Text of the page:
There’s a reason that, three decades later, The Shining still holds up as a classic — it’s the kind of masterful work you can watch multiple times and find something new to admire or enjoy each time. But if you’re lucky enough to live in upstate New York, you may get a chance to actually see the film in a whole new light. Next month, the Dryden Theatre in Rochester, NY will be hosting a special screening of the horror classic that includes “a chilling coda cut from the original release.” More details after the jump.

Shortly after The Shining opened in 1980, director Stanley Kubrick edited out a two-minute scene at the very end of the film. At the time films were often first released in just a handful of theaters before expanding to more screens — rather than opening immediately on thousands of screens, as they do today — and post-release edits were more common in those days. Other than the handful of early birds who caught the longer version in theaters, very few people have seen the original ending since 1980. Here’s Bleeding Cool‘s description of that sequence:

The scenes in question come directly before the film’s climactic push-in towards the photo.

Firstly, there’s a little moment where some state troopers look for Jack, frozen in the ice, but don’t seem to be seeing him – for whatever reason.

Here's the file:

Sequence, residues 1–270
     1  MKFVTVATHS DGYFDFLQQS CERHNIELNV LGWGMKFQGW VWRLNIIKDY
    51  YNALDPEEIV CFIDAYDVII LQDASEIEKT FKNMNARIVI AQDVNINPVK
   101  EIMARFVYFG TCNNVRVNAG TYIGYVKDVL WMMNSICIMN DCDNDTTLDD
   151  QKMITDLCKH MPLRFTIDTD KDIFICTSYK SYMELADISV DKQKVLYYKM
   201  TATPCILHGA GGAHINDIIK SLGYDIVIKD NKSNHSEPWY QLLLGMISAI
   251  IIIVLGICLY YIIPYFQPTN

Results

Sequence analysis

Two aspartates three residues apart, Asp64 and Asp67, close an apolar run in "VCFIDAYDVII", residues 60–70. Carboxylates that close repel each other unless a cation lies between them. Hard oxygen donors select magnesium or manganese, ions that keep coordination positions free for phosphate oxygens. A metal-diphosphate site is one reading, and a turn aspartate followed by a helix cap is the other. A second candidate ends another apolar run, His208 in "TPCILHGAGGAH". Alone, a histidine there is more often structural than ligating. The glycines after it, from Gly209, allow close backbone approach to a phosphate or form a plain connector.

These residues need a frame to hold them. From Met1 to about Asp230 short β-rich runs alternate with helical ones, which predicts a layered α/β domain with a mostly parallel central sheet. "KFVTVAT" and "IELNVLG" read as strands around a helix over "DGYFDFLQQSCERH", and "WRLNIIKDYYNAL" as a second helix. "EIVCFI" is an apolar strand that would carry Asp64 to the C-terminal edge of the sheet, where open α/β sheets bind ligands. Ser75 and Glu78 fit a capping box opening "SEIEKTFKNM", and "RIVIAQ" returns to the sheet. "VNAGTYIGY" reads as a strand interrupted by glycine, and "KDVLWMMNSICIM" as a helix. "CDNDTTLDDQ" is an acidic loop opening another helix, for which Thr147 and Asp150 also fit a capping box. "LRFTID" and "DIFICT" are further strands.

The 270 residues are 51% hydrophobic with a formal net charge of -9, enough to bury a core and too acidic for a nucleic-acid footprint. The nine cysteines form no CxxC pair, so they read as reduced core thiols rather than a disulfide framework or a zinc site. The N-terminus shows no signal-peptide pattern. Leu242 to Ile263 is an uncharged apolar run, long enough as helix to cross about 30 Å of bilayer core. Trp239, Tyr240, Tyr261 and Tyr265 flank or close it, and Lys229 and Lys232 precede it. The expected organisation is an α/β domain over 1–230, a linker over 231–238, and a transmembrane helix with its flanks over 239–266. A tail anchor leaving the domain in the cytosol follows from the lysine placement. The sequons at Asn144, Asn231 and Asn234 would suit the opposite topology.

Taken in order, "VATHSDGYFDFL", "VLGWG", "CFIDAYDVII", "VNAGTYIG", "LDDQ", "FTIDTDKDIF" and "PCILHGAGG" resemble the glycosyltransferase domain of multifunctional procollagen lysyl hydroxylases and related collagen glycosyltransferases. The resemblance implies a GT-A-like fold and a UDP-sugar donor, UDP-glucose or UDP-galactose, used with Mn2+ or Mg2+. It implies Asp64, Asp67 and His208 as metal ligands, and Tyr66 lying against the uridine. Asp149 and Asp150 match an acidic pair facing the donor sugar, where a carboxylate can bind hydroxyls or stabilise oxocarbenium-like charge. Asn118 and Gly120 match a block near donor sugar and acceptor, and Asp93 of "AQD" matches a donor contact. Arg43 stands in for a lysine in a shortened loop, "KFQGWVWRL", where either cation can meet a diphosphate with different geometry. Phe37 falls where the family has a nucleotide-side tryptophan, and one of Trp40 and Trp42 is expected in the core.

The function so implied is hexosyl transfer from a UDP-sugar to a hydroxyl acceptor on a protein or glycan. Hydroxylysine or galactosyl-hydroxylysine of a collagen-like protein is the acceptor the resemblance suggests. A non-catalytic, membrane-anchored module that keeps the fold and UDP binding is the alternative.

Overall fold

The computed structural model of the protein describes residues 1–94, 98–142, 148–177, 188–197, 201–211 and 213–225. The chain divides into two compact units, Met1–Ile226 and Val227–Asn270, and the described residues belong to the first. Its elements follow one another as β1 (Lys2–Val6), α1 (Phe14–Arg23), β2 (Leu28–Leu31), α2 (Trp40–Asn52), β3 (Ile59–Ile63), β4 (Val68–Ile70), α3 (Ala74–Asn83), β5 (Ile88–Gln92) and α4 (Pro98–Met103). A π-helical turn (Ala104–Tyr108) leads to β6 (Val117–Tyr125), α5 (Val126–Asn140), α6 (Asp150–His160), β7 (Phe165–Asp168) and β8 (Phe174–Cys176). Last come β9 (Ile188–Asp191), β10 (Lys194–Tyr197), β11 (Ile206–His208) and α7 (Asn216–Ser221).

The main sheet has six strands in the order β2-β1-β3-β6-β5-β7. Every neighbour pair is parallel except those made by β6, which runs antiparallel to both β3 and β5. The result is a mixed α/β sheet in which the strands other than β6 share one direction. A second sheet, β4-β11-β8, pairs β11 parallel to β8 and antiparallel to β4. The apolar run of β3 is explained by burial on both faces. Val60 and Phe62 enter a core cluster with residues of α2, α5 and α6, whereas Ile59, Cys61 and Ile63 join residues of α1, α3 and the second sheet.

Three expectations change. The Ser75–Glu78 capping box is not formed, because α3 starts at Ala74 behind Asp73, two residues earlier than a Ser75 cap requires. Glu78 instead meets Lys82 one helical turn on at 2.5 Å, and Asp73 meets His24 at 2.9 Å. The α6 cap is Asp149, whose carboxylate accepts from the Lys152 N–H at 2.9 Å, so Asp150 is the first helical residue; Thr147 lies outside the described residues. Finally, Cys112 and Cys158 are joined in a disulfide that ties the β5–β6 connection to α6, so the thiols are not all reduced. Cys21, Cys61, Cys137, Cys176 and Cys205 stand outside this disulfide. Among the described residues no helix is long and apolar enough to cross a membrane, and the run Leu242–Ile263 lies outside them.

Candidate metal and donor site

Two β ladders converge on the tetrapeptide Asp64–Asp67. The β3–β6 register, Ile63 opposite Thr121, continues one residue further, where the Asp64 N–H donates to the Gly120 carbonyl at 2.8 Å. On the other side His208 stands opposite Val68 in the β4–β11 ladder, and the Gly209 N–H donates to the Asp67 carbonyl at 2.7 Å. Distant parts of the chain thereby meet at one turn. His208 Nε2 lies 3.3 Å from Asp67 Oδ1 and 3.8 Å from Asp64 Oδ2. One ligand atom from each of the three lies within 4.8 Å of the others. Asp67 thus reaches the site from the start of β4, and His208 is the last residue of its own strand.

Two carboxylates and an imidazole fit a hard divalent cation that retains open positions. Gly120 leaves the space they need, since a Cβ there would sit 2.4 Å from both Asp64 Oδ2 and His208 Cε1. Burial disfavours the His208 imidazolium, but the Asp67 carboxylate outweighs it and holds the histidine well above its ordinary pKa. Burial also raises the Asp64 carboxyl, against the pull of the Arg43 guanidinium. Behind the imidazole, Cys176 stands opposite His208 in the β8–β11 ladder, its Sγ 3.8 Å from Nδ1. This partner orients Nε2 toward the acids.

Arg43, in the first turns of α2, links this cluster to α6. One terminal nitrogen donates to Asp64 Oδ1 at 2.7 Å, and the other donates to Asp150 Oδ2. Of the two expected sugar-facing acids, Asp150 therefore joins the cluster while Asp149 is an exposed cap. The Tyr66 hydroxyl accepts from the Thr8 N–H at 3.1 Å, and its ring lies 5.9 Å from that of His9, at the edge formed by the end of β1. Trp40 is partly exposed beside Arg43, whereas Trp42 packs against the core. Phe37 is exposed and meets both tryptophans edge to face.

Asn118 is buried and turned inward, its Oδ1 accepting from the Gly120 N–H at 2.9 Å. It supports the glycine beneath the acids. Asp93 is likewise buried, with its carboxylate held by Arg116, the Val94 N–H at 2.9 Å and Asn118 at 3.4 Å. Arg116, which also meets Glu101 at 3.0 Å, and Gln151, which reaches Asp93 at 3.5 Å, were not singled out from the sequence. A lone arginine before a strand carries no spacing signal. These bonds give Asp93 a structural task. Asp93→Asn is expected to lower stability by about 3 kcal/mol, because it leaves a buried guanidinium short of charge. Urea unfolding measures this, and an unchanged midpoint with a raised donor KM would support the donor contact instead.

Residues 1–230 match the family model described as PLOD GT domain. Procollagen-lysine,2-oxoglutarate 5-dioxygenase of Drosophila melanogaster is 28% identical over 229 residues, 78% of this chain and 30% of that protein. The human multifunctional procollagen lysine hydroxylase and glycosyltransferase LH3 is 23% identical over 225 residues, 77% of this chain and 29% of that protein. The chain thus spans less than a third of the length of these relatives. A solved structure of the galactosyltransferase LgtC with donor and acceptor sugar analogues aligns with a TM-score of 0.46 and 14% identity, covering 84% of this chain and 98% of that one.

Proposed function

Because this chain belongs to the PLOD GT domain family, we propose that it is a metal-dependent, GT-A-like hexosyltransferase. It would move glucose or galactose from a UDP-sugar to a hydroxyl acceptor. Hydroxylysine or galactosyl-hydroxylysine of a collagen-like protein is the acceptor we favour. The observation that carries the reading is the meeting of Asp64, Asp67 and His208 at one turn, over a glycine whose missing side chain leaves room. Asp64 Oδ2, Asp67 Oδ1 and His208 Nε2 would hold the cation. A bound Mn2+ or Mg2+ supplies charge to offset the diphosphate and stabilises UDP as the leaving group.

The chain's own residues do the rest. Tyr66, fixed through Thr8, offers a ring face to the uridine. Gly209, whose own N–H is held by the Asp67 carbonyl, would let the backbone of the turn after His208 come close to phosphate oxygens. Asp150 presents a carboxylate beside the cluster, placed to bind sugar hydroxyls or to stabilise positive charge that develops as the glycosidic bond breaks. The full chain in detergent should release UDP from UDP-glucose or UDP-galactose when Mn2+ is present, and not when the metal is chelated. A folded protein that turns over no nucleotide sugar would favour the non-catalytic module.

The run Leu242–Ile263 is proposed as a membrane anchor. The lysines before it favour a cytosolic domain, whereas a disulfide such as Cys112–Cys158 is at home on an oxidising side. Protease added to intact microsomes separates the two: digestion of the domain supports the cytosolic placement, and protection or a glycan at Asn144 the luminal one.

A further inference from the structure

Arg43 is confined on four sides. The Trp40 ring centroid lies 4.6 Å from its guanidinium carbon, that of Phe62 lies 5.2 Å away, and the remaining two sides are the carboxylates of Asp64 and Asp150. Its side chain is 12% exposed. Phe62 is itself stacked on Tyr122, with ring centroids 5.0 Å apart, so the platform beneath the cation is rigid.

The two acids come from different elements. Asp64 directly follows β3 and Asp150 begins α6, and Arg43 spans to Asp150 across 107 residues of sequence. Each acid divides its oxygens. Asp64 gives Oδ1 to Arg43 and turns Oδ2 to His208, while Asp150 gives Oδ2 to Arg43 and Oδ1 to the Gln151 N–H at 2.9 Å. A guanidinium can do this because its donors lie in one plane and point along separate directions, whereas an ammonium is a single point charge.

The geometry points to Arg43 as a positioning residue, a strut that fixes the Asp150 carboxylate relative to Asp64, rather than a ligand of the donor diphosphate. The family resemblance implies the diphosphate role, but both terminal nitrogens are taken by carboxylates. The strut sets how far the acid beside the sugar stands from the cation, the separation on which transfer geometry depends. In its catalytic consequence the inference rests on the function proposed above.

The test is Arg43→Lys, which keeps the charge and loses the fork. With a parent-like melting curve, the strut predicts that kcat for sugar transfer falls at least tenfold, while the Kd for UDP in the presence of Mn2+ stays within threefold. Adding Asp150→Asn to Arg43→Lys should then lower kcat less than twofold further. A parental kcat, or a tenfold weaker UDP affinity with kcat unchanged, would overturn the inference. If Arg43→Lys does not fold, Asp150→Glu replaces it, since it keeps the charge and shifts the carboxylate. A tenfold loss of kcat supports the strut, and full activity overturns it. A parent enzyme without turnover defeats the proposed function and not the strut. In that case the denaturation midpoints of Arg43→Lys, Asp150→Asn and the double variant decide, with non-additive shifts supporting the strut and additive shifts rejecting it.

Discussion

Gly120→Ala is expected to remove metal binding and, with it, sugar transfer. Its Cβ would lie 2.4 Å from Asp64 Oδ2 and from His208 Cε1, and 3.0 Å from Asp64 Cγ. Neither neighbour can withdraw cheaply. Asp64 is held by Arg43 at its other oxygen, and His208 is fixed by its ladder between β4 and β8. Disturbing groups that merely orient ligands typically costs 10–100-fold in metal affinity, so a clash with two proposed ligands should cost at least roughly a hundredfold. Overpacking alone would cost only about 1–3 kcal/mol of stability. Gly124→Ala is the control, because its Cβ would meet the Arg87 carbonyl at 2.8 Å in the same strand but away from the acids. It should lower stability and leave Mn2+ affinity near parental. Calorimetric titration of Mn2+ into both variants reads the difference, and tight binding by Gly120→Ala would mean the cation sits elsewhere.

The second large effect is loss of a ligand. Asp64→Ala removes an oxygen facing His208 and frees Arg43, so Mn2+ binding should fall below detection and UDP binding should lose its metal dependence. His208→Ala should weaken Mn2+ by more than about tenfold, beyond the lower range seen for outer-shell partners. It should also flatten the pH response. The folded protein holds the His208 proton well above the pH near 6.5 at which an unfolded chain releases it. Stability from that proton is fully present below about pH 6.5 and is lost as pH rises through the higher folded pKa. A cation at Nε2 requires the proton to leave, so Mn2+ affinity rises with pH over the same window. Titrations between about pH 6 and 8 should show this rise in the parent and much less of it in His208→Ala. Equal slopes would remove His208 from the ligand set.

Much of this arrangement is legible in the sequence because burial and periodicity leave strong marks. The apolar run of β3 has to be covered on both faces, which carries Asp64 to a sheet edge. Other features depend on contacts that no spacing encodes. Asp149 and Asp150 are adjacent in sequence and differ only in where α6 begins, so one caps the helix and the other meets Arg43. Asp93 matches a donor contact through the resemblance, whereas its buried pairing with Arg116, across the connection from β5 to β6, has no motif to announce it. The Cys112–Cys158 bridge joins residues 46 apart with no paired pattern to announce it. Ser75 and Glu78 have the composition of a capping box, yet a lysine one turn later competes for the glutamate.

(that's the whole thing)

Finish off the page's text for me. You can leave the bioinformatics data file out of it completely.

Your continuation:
Then a longer scene. It’s set in a hospital, where Ullman, the Overlook’s manager, tries to convince Wendy and Danny that nothing supernatural had happened in his hotel. He explains that Jack’s body was not recovered, and he gives Danny a tennis ball – presumably the same one that he followed into room 237.

Of course, there’s no guarantee that those extra minutes will make the film better. Roger Ebert noted (via Wikipedia) in 2006, “Kubrick was wise to remove that epilogue. It pulled one rug too many out from under the story.” Still, there’s something terribly exciting about seeing one of the most renowned works of the genre from a fresh angle. (Fresh to us, at least.)

The longer cut of The Shining will show at the Dryden Theatre at the George Eastman House on October 22 at 8:00 PM. You can see more details at the official site, but based on a conversation I just had with a very friendly telephone operator at the George Eastman House, it sounds like tickets will not go on sale in advance — you’ll have to wait until the box office opens around 7-7:15 PM that same day. If you manage to get there in time, tickets will cost $8 for the general public or $6 for museum members.

Discuss: Anyone planning to catch the screening? If you end up going — or if you’ve seen the rare scenes before — tell us what you thought!

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